Saturday, April 07, 2007
ICRA has provided a link to a new site Contentlabel.org that will promote further industry standardization of content labeling. The standardization will be based on the W3C semantic web with the Resource Descriptor Framework, here.
The effort would appear to lead to industry standards for operating systems, browsers, and webmasters for properly labeling content so that parents and schools can parse content properly for different levels of maturity of minors. There would be special requirements for patently "adult" websites. Remember in the COPA trial, there was a lot of discussion of what the concept of "harmful to minors" could mean, and there was a fear that it could be much broader than this.
The new contentlabel site has a blog and message boards. I'll have more about this later.
Sunday, April 01, 2007
Syndicated columnist Jacob Sullum (a senior editor at Reason magazine) furnished The Washington Times with a column, “Filters Better than Laws” in the Commentary Section, p A13, of The Washington Times, on March 31, 2007. Sullum summarized Judge Reed ‘s opinion on COPA, hitting particularly hard the ambiguity of the definition of minors, and of the actually meaning of “harmful to minors.” Sullum believes that the judge bought the idea (and he agrees) that the HTM definition could reasonably extend to subject matter when it has to be judge by the standards of any minor, so educational materials about STD’s, for example, could fall under it. He concurs that COPA was both too broad and too narrow (not applied to overseas sites) and that filters are reasonably effective if used properly.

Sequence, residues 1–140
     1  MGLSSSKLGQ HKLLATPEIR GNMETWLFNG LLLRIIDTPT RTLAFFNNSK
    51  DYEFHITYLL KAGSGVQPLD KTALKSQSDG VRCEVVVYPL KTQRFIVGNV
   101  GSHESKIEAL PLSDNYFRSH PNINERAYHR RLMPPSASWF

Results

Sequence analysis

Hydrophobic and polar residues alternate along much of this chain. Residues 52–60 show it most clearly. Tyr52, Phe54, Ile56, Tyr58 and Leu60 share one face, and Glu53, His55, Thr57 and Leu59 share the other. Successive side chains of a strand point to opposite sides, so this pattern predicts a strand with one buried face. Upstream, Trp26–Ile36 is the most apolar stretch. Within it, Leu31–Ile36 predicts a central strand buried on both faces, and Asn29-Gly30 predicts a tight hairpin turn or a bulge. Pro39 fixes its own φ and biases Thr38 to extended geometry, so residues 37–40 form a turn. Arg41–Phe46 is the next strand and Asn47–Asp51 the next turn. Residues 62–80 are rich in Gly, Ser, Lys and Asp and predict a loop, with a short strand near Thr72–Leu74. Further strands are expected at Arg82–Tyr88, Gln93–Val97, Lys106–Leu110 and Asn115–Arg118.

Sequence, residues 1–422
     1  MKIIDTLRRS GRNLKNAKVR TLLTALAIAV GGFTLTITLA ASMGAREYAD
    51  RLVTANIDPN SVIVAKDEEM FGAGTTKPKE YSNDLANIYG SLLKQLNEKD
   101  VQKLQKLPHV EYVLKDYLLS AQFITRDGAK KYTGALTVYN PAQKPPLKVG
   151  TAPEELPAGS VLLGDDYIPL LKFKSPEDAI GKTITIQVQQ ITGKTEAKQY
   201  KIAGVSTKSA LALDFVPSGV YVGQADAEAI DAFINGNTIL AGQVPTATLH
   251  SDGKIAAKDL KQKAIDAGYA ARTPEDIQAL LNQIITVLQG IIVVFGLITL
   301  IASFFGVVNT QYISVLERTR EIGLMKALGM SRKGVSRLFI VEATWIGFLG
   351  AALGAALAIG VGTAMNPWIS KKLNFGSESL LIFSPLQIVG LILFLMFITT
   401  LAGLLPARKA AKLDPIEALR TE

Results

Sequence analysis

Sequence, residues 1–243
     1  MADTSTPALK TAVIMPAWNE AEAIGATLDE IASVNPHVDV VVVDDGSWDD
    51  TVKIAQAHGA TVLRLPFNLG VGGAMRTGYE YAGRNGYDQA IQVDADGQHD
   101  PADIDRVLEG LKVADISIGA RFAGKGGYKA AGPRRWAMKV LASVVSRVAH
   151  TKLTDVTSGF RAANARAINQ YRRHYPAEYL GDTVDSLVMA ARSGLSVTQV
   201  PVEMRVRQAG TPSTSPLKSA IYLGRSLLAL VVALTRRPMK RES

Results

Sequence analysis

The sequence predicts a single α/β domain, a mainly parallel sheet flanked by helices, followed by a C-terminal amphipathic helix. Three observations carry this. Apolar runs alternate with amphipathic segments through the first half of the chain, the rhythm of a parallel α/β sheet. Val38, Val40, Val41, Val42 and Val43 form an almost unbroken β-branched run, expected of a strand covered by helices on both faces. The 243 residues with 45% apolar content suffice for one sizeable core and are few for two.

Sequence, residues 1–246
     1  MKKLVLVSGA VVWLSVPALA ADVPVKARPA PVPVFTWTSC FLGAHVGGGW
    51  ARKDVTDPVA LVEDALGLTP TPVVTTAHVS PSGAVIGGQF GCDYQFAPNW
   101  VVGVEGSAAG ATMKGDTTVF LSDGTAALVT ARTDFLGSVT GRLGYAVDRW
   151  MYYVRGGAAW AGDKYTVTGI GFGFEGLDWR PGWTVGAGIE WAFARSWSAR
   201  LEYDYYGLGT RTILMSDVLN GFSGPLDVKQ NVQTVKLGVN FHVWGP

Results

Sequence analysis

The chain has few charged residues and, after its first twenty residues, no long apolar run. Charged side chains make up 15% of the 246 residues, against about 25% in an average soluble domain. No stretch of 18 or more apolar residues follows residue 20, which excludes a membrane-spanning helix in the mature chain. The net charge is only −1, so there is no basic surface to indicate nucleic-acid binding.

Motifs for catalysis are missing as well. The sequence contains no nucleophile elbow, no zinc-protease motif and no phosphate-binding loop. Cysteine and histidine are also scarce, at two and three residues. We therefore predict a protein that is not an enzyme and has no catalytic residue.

The whole saga of COPA is a lesson in how quickly technology changes our perception of things. When the original Communications Decency Act was before the Supreme Court in 1997, I actually thought that an adult-id verification requirement for “adult” materials could be workable. I even said that in discussing my proposed “Bill of Rights 2” in the last chapter of my first book. At the time, I was finishing off my first “do ask do tell” book and I imagined a website as a supplement to a book, mainly to be used by purchasers of the book. I thought that “word of mouth” would spread the reputation of a book, which would then need to be kept up-to-date by a footnote website, possibly with a login for owners of the book. At the time (like 1997) the notion seemed credible. I got television exposure in the Twin Cities (MN) from my Hamline lecture (from crutches); I would meet other authors like Vince Flynn who promoted self-publishing of books. At the time, E-books and proposals like Softlock were circulating. Personally owned whole domain names still seemed a bit of a novelty, as I had purchased one from a coworker who ran his own company as an ISP. That was the nature of the early online world then.
What I didn’t see was how important search engines would get – simply because of the mathematics of binary searches (you don’t have to raise the number 2 to that high a power to get a billion – remember your logarithms in Algebra II?; search engines would provide a good critical thinking exercise for high school math students). By the end of 1998, they had obviously become the main way newbies on the web would get known. No longer did you need to code metatags on your web pages; the search engines picked them up anway. The trick to being found was to keep pages static (so that they load quickly) and use lots of proper names and technical buzzwords; search engines like less common words as keywords to identify a source, and engines prefer lots of content as opposed to gimmicks. I had all of this, so I started getting a lot of hits. By the end of 1998 I realized that COPA could shut down my whole future online.